My name is, Chris Titmas, and I am a young person in long term recovery which to me means that I haven’t used a drink or a drug in over three years. I grew up in New Jersey in a loving family with both parents. I may not have had everything I wanted, but I had everything I needed. Both of my parents worked, but were still very much involved in my life. My dad coached my football and baseball teams, my mother never missed an important game. When I got more into music in junior high school my parents were at every play and concert. I can honestly remember back to all the times my parents would warn me about drugs, telling me that our family has “addiction” and “addictive personalities” in our genes.
I started using drugs when I was 13. I would steal alcohol from my parents to binge drink. When I got to high school I would smoke pot. At first, it was here and there, then only on the weekends, and then it became every day. Nothing out of the norm because to me it seemed that everyone else was also doing it. The only difference between me and everyone else was that they knew how to stop and I didn’t.
By the time I got to college my active addiction was in full force. I had lost all of my friends who didn’t do drugs. The friends who I would smoke pot with didn’t want to be around me because I was either high on coke, oxycodone, or both. Whenever I would see my parents we would fight. They didn’t know what to do with me, I hated being alive.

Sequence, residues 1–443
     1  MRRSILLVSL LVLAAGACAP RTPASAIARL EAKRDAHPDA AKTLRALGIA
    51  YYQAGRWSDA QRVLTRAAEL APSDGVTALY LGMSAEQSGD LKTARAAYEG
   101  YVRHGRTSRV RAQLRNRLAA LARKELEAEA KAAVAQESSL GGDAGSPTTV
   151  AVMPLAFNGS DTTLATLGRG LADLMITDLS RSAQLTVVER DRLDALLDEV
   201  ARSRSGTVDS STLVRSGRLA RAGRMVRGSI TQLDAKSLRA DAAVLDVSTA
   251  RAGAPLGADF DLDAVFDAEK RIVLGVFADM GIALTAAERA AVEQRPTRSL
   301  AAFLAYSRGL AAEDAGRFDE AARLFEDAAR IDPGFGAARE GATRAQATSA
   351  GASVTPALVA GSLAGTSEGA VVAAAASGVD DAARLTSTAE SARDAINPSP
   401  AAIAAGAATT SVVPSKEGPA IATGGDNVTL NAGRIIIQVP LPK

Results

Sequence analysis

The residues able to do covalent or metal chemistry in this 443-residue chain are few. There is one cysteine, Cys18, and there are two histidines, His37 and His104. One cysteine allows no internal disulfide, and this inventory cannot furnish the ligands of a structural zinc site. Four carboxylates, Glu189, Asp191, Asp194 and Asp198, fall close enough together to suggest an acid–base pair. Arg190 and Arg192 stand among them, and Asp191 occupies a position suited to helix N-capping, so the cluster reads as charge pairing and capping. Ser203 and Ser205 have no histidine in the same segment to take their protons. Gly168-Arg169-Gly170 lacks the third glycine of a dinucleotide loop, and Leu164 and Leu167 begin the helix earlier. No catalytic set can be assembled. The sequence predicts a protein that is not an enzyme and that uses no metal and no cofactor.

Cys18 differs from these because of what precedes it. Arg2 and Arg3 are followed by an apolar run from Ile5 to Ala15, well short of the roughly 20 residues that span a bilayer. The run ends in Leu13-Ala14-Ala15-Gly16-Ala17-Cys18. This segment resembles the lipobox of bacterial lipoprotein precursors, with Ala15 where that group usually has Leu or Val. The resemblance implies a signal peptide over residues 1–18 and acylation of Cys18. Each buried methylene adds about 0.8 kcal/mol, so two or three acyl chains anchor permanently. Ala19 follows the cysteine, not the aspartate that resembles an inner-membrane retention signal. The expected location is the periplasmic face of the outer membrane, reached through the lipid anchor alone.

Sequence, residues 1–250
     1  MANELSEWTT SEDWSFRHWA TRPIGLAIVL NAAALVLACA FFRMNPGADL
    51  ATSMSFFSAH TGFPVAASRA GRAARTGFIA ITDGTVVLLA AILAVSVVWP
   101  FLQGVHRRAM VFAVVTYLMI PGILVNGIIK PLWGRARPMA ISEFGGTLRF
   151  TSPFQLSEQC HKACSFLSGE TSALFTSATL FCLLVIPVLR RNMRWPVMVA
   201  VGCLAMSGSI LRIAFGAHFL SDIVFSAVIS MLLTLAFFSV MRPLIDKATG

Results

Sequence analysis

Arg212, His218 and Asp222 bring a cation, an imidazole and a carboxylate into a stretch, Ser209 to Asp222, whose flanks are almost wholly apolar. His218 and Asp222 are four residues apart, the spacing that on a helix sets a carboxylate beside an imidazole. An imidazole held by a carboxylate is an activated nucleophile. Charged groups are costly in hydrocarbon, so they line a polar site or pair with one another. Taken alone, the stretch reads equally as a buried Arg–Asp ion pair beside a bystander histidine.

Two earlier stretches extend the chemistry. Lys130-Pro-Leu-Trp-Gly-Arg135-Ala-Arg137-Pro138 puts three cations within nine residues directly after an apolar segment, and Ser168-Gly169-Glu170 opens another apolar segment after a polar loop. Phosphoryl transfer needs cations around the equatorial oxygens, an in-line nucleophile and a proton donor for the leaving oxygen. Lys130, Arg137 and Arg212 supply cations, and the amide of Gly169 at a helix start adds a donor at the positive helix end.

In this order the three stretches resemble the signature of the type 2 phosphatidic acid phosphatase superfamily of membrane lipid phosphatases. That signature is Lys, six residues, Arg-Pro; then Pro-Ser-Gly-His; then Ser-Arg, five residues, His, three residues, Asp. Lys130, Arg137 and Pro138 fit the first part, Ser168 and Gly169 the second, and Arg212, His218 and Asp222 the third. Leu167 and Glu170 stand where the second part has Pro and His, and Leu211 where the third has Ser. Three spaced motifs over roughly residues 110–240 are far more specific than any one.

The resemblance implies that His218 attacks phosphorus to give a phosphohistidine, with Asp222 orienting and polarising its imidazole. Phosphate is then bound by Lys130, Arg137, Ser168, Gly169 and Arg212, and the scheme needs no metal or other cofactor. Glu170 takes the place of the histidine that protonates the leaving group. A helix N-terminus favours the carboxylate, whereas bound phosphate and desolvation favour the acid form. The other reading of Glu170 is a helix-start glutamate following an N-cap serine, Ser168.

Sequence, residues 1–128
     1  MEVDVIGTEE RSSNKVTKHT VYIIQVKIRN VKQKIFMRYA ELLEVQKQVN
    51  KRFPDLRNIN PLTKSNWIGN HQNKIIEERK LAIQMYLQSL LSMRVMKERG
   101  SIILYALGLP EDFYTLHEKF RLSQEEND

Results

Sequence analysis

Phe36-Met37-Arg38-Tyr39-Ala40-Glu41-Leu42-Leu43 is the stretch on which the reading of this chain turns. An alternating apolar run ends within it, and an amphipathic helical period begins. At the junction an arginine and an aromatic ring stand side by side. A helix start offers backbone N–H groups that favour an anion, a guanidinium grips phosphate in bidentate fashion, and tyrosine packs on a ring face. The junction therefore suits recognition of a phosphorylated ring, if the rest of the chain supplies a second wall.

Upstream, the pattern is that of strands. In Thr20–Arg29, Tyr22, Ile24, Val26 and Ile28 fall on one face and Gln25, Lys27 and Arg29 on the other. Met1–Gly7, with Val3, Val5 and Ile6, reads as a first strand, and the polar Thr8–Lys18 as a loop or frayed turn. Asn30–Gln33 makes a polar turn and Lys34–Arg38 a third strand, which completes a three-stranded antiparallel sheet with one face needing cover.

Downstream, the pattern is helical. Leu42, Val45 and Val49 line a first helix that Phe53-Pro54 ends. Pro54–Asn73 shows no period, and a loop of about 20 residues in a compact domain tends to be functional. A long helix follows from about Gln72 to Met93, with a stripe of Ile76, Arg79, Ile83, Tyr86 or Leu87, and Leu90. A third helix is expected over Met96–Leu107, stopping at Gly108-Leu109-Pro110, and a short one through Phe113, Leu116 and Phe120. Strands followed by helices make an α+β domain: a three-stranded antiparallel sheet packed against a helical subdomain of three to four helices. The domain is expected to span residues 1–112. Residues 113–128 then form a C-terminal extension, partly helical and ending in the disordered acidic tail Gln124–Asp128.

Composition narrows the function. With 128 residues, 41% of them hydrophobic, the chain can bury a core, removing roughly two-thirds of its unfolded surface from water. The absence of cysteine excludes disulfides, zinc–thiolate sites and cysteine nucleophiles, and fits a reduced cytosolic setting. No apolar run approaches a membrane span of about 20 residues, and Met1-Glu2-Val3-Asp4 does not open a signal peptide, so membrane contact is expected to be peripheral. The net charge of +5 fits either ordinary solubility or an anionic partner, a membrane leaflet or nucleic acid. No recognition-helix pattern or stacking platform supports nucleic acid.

When I first went to treatment I went away for 28 days. I came home and everyone acted as if nothing ever happened. I went back to school and lived with my friends. Shortly after, I was dragged back down into the grips and using again, but now even heavier. There were no school resources available to someone with substance use disorder which is why after my second go at rehab I chose to live home, and commute to school.
I had finally entered into recovery at the age of 21, and during my junior year of college. Since entering into recovery, I have graduated with a BS in business administration, started a career, moved into my own apartment with my beautiful girlfriend, and we have a dog. Since being in recovery, I have become a better son, brother, grandchild, nephew, and boyfriend. However, it has not always been easy.
The stigma put on people with substance abuse disorders is terrifying which is why I advocate for substance use disorder. The stigma must be broken. People with substance use disorder don’t only live under bridges and beg for change, we are blue and white collar workers, sons and daughters, students, teachers, mothers and fathers. We are not a “waste of life.” We can change and enter recovery. There is hope; I and the other 23 million people living in long term recovery are the hope. I am not anonymous, my name is Chris Titmas and I am a person in recovery.